Below are two charts from The Network. The first chart compares first-quarter fraud reporting percentage for the past seven years; the second compares fraud-related incidents.
Source: The Network.
Employees should also have the option of reporting through e-mail or by phone. This reporting mechanism should further offer the assurance that the whistleblower will remain anonymous throughout the entire process, Mohr says.
And some companies set up their hotlines, but don’t spell out parameters for what should be reported, he adds. Is the hotline just for financial reporting issues? Is it just for embezzlement and theft? Do you also want to know about human resources-related issues? All those questions, he says, should be answered for employees.
“More and more companies recognize that it is not just about having a hotline,” Wells says. “It’s about having comprehensive capabilities.”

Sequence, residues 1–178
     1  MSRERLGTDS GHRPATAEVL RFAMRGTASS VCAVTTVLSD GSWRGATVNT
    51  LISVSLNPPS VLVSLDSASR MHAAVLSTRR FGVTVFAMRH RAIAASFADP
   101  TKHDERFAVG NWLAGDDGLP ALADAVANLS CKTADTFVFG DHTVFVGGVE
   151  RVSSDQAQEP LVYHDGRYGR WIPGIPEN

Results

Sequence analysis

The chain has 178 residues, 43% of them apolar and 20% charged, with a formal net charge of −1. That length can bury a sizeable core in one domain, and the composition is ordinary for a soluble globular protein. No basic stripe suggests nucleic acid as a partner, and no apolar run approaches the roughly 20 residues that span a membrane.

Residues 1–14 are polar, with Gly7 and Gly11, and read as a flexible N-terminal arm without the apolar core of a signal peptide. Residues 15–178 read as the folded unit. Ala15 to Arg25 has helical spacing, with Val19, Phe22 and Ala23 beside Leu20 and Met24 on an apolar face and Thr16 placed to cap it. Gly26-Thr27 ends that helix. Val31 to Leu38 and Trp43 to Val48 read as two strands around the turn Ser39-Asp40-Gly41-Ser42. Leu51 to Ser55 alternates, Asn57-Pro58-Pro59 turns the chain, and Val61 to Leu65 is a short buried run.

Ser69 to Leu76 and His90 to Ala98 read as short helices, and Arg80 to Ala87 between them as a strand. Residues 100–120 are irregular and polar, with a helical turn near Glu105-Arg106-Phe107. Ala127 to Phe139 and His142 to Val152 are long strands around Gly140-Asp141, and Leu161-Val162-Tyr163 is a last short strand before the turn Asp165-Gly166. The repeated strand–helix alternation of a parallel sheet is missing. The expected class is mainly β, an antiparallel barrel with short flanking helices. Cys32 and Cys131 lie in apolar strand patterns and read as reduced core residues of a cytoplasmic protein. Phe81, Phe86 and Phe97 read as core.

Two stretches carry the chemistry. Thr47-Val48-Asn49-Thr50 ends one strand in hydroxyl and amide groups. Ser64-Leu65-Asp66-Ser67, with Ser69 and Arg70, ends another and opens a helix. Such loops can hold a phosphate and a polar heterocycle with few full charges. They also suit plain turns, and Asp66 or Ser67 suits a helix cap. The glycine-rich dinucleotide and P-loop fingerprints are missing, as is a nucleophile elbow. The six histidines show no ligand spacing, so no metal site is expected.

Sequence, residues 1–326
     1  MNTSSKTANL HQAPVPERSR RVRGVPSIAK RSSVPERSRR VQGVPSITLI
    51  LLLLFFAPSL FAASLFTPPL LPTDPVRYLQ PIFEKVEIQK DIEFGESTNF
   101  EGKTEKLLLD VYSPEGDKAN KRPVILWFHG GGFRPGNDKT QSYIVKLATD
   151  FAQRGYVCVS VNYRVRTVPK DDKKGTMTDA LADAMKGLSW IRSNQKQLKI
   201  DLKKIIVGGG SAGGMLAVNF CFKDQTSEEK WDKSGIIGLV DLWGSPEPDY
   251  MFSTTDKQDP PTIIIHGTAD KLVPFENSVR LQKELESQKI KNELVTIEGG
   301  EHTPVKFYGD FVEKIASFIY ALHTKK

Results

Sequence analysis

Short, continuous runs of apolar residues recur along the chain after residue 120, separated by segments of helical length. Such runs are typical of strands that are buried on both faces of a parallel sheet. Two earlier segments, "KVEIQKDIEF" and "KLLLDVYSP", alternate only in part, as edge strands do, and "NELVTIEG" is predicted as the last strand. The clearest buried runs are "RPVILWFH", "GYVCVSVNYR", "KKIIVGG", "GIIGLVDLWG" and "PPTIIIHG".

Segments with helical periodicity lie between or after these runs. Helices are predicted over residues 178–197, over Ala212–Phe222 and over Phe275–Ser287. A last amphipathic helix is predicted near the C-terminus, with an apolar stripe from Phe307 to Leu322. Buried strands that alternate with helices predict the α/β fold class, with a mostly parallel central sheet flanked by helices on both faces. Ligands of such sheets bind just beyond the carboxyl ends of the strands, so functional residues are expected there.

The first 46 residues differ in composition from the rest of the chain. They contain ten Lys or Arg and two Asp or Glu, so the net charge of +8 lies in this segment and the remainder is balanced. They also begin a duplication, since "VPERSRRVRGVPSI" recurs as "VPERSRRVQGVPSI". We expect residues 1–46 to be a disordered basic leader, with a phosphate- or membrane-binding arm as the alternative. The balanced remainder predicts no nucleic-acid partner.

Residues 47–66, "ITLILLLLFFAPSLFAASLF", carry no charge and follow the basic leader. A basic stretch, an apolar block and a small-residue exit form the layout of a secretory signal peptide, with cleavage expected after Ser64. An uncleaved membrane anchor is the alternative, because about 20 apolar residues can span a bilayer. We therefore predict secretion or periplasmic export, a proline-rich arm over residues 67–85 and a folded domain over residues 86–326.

Companies are also paying more attention to how they can get out of a siloed approach to fraud reporting, Wells says. Some companies have thousands of locations and different departments around the globe; they need to compare the data in one place and put consistent reporting policies in place.
Many companies are beginning to employ software and other analytical tools to detect problems early. Some systems allow managers who receive incident management reports internally to log those in one central database.
This gives managers the ability to investigate and track all reports centrally. From there, they can identify the existence of any trends in fraud, where it is happening, and whether training or a change in policy is needed.
Companies should also ensure they are periodically conducting fraud risk assessments, especially when the business has changed or the market has shifted. Says Mohr: “Conducting a comprehensive fraud risk assessment before implementing new policies and new systems is important so you know where your vulnerabilities are.”